by WorldTribune Staff, January 13, 2017
President Barack Obama on Jan. 12 repealed the “wet foot, dry foot” policy in which any Cuban who reached U.S. soil was allowed to stay while any picked up at sea was returned.
The Cuban government hailed Obama’s parting policy act.
“It was creating serious problems for the security of Cuba, for the security of the United States and for the security of our citizens left vulnerable to human trafficking, migratory fraud and violence as a result of the incentives created by these preferential policies,” said Josefina Vidal, Cuba’s top diplomat for U.S. affairs.
Obama said in a statement that “by taking this step, we are treating Cuban migrants the same way we treat migrants from other countries. The Cuban government has agreed to accept the return of Cuban nationals who have been ordered removed, just as it has been accepting the return of migrants interdicted at sea.”
Obama’s order took effect immediately, leaving some desperate Cubans stranded and bewildered.
Cuban Jose Enrique Manreza, who sold his house and belongings to pursue the American dream, told Reuters he is now stuck in a Mexican border town after Obama abruptly ended the policy that was adopted by President Bill Clinton.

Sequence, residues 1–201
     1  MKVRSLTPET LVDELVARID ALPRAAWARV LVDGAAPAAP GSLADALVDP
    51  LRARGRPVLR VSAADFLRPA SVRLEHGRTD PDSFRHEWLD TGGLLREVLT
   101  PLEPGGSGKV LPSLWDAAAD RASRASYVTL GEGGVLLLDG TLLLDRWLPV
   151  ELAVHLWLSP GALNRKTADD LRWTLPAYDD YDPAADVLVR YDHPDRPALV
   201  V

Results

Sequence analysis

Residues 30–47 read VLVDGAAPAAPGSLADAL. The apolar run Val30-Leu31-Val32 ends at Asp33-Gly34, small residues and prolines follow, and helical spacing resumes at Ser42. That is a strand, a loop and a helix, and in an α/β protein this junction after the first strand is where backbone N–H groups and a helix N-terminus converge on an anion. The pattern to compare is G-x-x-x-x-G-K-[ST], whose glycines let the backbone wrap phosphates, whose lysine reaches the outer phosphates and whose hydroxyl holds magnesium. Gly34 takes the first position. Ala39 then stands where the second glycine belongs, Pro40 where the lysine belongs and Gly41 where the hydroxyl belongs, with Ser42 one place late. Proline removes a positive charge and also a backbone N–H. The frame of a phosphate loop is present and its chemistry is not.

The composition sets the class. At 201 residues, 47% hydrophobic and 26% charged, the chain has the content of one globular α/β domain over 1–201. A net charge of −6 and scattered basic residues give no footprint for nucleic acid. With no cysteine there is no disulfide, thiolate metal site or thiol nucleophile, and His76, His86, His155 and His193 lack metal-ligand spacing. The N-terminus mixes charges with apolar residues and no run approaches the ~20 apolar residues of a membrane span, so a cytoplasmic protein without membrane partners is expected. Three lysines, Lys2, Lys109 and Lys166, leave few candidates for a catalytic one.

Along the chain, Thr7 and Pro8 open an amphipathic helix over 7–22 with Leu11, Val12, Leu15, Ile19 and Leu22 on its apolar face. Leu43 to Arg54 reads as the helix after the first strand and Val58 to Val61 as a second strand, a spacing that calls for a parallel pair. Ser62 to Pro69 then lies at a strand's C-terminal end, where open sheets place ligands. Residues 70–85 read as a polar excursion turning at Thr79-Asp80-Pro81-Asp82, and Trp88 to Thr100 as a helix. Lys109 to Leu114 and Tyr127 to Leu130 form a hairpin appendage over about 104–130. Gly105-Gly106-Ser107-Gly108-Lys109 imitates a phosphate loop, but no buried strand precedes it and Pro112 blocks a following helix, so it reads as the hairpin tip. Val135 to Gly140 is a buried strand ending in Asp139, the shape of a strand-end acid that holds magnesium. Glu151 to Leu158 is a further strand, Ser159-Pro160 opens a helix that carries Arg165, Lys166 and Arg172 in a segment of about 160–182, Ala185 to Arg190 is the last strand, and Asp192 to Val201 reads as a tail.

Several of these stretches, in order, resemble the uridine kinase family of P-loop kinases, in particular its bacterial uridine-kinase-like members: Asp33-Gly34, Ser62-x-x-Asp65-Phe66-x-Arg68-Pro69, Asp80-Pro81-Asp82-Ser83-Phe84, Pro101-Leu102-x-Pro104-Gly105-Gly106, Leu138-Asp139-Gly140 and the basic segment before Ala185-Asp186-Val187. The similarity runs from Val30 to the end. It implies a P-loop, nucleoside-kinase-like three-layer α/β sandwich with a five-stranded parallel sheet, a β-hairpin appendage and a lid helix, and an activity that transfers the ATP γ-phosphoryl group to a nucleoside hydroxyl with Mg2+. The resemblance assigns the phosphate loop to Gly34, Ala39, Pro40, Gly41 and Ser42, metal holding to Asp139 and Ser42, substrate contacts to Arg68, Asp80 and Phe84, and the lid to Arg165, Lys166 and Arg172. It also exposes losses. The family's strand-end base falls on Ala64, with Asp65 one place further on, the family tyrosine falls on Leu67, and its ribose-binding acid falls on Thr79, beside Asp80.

“Imagine how I feel, after I spent six days and six nights running through rivers and jungles in the humidity,” said Manreza, at a migrant shelter in the southern Mexican city of Tapachula, where he heard the news, along with 30 other Cubans.
Manreza estimated he had spent about $10,000 on his trip, including a flight to French Guiana, guides through South America and bribes to fend off aggressors who tried to abuse his daughter on the journey.
“I had to give them lots and lots of money, and now this happens,” said Manreza, who ran a soda warehouse in Havana before he left in December. He said he was deciding whether to return to Cuba, broke, or seek asylum in Mexico.
Cubans en route in Panama said hundreds more were behind them in the treacherous jungles of the Darien.
“There are people with children, pregnant women, elderly people,” said Gabriel Alejandro Marín, part of a group of 50 in Panama City. “We have all sold everything for this.”
Ivan Diaz, 45, a health administrator said the decision had left him in shock.
“It’s taken the oxygen from me,” he said. Diaz left Cuba three months ago with his wife. He said the dash for the United States had cost about $25,000 for him, his wife and Miami family members who sent money to support them.
“I’ve got $10 left in my pocket,” he said. “We are going to carry on. We don’t lose anything by going to the Laredo border. We must be able to do something. Otherwise, let them deport me back to Cuba.”